Key Messenger

A critical eye on communication, by Tom Poldre


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Crisis in a Fishbowl, Part II

Today, there’s no question about social media receiving equal consideration alongside traditional “legacy” media when managing response to a crisis. While the media landscape has shifted dramatically, the fundamental principles of speed, tone and planning still apply.

First, you’ve got to be quick off the mark. Speed remains essential in responding to any crisis, but especially now in the social media fishbowl. There’s no time to hide; no response is seldom an option.

Compare two major disasters: the first traditional media report of the 1989 Exxon Valdez accident emerged about 6 hours after its occurrence. Twenty years later, when US Airways flight 1549 (the “Miracle on the Hudson”) landed on the river, social media accounts lit up less than a minute into the drama.

The head of KitchenAid responded in eight minutes to that inappropriate tweet about the President’s grandmother, averting a social media maelstrom.

If you don’t fill the channels with some acknowledgement or appropriate message, everyone else will fill the vacuum with rumor, misinformation and nasty commentary. Since social media is a dialogue with your audiences, you can’t simply disappear in the middle of a conversation.

Call this “getting out in front” of the story, demonstrating that you’re aware of the situation, taking action, and not frozen like a deer caught in the headlights. But what do you say?

Next, you’ve got to strike the right tone – you need to demonstrate “empathy”.

Numerous cases have shown that the inability to get the tone and messaging right is what so often sinks the best intentions of an organization dealing with a crisis. Remember how Tony Hayward, the former head of BP, wanted “… his life back…” in the midst of the catastrophic oil spill in the Gulf of Mexico?

It is absolutely vital to quickly express concern and empathy. Complete information won’t be available during the early stages a crisis, hence the desire to avoid comment, but the conversation that is social media requires a message that the team is aware of what’s happening and acting upon it: containing the crisis, working with the authorities, comforting victims, reviewing procedures, communicating updates, taking disciplinary actions…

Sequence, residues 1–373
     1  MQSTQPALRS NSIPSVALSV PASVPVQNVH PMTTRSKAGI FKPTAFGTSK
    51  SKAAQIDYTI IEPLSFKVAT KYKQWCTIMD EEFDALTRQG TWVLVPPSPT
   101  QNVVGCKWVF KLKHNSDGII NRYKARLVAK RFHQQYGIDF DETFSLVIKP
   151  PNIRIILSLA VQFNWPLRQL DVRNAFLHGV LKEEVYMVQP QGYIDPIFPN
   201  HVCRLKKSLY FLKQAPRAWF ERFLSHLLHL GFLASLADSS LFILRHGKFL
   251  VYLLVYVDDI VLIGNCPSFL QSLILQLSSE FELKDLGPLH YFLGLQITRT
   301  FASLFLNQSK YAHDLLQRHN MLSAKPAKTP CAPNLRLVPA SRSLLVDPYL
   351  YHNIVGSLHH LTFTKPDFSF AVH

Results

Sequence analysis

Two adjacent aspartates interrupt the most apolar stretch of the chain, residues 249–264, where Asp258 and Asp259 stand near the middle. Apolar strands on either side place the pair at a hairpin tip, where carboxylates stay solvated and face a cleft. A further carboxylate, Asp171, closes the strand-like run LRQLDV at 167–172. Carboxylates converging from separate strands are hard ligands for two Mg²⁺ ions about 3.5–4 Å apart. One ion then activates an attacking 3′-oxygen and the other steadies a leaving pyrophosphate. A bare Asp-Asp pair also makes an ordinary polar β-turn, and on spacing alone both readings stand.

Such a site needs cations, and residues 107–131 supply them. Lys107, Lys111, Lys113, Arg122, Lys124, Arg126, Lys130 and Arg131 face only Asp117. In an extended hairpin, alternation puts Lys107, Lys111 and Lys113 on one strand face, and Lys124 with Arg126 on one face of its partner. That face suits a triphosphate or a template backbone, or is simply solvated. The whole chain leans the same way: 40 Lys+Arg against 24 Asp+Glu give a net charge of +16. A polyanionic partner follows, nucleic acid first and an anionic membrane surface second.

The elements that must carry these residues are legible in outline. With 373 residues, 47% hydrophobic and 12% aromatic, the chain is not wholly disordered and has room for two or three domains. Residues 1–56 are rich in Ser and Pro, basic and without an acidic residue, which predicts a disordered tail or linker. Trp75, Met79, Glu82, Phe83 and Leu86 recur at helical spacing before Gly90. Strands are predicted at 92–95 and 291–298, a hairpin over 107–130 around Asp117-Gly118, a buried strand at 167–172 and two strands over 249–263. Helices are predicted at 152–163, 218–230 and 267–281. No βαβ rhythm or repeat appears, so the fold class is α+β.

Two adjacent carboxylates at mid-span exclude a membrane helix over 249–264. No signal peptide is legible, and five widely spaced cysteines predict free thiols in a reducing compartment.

Finally, as with old-school crisis management, an organization must plan and prepare. Not much should change here; work on the assumption of “not if, but when”.

Comprehensive crisis response plans provide detailed operational and communications procedures including a complete list of all stakeholders and important media outlets. These plans did not get tossed out with the arrival of social media era, but are complemented with a social media component. Ideally, organizations would invest in a social media strategy before the crisis hits. Call it “plan-ticipation”.

This requires careful pre-planning and investment. You need smart, mature people manning your channels and creating your content; anticipating how social media will react when a situation occurs. They must know which channels your audiences are on, and how to deploy the myriad social media monitoring tools to keep a finger “on the pulse” and actively participate in the conversations.

So yes, it’s a strange new normal in crisis management as the speed, compression, loss of control and misinformation magnified by social media are now even created by social media. This means that the fundamentals of response — timeliness, tone and plan-ticipation — are unchanged and perhaps even more critical in that fishbowl we call social media.

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